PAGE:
At this point, Yondu - who is also after the orb, because he wants to sell it - has put a bounty on Quill's head, and Ronan - who wants the orb for purely malevolent reasons - is intent on making Gamora pay for betraying him. What happens next? Without spoilers, here's a taste: cool spaceships trekking across cosmic vistas, thrilling skirmishes, irreverent humor, touching moments of disclosure, heartrending sacrifices, enchanting absurdity, slapstick, uncomplicated space opera bliss and one of the greatest showdown moments of cinematic history.
"Guardians of the Galaxy" is ridiculously appealing because it pulls together so many elements from pop culture. Here are a few examples:
Peter Quill, aka Star-Lord, played by Chris Pratt, is Han Solo, Indiana Jones and Malcolm "Mal" Reynolds all rolled into one. Sure, the character actually dates back before any of those other roles had been cast (Star-Lord first appeared in Marvel Preview, Issue 4, 1976), but Pratt's performance clearly pays homage to these iconic figures. He's a scoundrel with heart, a thief with a conscience and a wiseacre with an inflated ego who proves to be a natural leader. There may even be a bit of Snake Plissken in Quill. And perhaps a hint of Marty McFly.
The music ties Quill to Earth and - for many members of the audience - evokes a simpler time. Songs like Blue Suede's "Hooked on a Feeling," David Bowie's "Moonage Daydream," Elven Bishop's "Fooled Around and Fell in Love" and Five Stairsteps "O-o-h Child" wouldn't seem to be appropriate choices for a space opera, but Quill's cherished Walkman provides the connection and imbues the character with a degree of warm-heartedness that would have been difficult to establish through dialog or action.
Lovable misfits are always compelling. The individuals who come together to form the Guardians of the Galaxy are outcasts in the tradition of a certain team of kids who went searching for treasure in the 1985 film "The Goonies."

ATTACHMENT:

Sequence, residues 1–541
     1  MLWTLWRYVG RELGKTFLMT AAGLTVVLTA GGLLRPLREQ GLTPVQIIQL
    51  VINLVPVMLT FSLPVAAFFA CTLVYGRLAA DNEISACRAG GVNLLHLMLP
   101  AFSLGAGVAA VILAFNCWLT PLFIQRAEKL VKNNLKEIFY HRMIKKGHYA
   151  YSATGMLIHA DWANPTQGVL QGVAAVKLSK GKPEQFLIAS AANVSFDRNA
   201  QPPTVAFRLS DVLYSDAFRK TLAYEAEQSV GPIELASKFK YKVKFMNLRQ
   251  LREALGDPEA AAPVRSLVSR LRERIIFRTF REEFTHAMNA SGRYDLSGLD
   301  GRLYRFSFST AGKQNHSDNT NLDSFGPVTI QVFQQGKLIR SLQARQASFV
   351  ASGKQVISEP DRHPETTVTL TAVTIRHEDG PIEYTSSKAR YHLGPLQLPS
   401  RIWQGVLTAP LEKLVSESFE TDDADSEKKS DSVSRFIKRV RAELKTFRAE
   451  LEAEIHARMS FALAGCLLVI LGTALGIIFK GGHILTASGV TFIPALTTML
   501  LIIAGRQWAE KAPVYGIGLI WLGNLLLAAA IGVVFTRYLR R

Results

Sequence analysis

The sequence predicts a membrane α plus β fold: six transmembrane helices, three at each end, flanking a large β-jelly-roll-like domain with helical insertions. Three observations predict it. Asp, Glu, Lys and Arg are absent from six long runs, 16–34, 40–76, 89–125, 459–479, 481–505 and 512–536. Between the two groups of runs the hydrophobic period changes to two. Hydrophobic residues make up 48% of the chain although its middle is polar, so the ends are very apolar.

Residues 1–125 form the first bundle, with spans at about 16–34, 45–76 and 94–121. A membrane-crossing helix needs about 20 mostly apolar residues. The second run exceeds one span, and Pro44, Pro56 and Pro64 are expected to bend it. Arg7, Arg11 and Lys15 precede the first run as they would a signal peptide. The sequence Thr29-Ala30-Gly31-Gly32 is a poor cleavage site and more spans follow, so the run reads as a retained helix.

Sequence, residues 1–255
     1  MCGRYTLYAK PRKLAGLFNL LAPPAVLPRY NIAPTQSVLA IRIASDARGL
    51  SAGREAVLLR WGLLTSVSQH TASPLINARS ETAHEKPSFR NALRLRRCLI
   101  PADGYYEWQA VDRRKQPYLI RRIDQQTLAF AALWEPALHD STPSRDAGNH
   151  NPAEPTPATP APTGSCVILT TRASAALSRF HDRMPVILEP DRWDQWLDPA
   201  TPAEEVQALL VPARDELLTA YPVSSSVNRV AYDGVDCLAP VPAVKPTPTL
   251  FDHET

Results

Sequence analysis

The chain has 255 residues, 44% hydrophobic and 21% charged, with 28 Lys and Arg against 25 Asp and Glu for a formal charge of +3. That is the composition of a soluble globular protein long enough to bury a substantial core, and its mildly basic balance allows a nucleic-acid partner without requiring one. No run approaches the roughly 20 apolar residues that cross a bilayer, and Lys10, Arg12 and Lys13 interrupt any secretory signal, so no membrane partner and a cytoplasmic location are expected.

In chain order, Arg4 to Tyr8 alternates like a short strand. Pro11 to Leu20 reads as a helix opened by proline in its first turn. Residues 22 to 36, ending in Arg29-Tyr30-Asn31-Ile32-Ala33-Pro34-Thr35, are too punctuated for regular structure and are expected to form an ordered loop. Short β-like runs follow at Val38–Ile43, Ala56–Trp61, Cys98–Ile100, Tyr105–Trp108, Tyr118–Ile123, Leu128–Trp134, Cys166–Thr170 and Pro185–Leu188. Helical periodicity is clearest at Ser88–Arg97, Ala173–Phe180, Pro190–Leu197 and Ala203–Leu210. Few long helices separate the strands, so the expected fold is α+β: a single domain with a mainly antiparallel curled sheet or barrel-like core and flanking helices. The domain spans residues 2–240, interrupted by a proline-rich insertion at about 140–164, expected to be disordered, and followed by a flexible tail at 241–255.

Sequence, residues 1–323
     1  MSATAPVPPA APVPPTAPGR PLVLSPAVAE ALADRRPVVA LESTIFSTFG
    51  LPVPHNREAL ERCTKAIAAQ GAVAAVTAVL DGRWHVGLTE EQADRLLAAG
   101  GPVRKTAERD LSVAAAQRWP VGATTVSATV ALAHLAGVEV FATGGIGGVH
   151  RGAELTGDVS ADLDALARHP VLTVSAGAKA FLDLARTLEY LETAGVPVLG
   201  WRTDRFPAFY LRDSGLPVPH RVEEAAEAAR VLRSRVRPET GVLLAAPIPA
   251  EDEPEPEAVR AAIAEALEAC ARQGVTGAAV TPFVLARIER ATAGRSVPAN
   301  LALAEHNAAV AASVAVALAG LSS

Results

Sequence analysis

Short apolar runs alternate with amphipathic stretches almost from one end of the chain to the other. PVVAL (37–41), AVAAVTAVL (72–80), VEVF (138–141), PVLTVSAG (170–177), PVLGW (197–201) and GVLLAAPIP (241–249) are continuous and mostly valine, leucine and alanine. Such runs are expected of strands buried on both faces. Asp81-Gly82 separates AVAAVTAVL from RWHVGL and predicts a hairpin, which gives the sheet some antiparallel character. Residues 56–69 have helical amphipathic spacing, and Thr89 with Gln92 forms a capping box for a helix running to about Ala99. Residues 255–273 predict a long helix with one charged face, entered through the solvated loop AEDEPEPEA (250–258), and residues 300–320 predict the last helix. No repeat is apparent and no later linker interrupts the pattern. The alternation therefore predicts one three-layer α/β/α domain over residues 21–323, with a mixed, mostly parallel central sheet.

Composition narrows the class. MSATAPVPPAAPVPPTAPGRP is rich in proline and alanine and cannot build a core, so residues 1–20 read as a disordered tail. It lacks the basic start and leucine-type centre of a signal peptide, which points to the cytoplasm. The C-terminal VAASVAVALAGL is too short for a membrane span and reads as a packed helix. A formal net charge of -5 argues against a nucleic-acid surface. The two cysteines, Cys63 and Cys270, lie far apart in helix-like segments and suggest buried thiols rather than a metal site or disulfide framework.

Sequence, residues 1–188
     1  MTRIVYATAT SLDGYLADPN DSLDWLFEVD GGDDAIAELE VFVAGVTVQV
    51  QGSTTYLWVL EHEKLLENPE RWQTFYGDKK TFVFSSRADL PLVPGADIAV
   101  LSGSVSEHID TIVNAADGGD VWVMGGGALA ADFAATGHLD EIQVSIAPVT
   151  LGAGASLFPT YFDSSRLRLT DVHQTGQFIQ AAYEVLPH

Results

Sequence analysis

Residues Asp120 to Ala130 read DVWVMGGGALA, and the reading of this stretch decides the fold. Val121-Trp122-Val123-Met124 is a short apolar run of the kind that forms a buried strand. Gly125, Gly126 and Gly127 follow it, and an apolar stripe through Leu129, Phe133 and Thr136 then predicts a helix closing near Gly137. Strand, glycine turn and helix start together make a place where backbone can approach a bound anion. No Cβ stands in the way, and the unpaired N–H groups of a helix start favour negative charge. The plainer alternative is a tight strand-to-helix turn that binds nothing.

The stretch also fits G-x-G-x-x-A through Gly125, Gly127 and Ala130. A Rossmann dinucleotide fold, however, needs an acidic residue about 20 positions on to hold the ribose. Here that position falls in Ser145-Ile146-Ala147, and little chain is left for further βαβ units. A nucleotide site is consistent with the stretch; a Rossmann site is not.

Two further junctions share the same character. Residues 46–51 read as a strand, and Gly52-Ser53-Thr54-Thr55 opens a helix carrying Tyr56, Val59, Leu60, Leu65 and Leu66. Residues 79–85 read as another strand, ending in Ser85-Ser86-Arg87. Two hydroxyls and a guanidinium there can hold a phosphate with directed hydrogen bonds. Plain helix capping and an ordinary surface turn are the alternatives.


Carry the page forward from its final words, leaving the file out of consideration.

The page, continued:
Quill isn't the only one in this film conjuring up images of Han Solo. Solo had Chewbacca, a faithful sideman only he could understand. Rocket has Groot, a devoted partner with a very limited vocabulary ... yet, Rocket always seems to know what he means.
Additional in-script pop culture references include nods to Ranger Rick, Kevin Bacon and Jackson Pollack and Alyssa Milano.
Pratt's capable contribution is matched by solid performances from an ensemble cast including Zoe Saldana as Gamora, Dave Bautista as Drax the Destroyer, John C. Reilly as Corpsman Rhomann Dey, Glenn Close as Nova Prime Irani Rael and Michael Rooker as Yondu. Vin Diesel provides the voice and motion capture for Groot and Bradley Cooper voices Rocket. Lee Pace serves up an appropriately menacing Ronan the Accuser. Karen Gillan is the devious Nebula and Djimon Hounsou turns in a great supporting role as Korath.
The key actors are able to make their characters relatable and compelling, no matter how alien they may seem - and that's quite an accomplishment, since most moviegoers aren't that familiar with source material.
"Guardians of the Galaxy" is full of goofy jokes and incongruities, but the humor doesn't undercut the narrative. The snarky chatter and cheesy one-liners fit the characters. The action is intense, but not suffocating. The hero is an everyman-turned-leader by happenstance and his team is more than the sum of its parts. The story emanates a kind of exuberance that will have fans lining up for second and third showings - and gobbling up merchandise like crazy.
For those who said Guardians of the Galaxy was too obscure a property for cinematic treatment: It looks like Marvel Studios gets the last laugh.
Speaking of last laughs, be sure to stick around for the post-credit scene for a surprise cameo.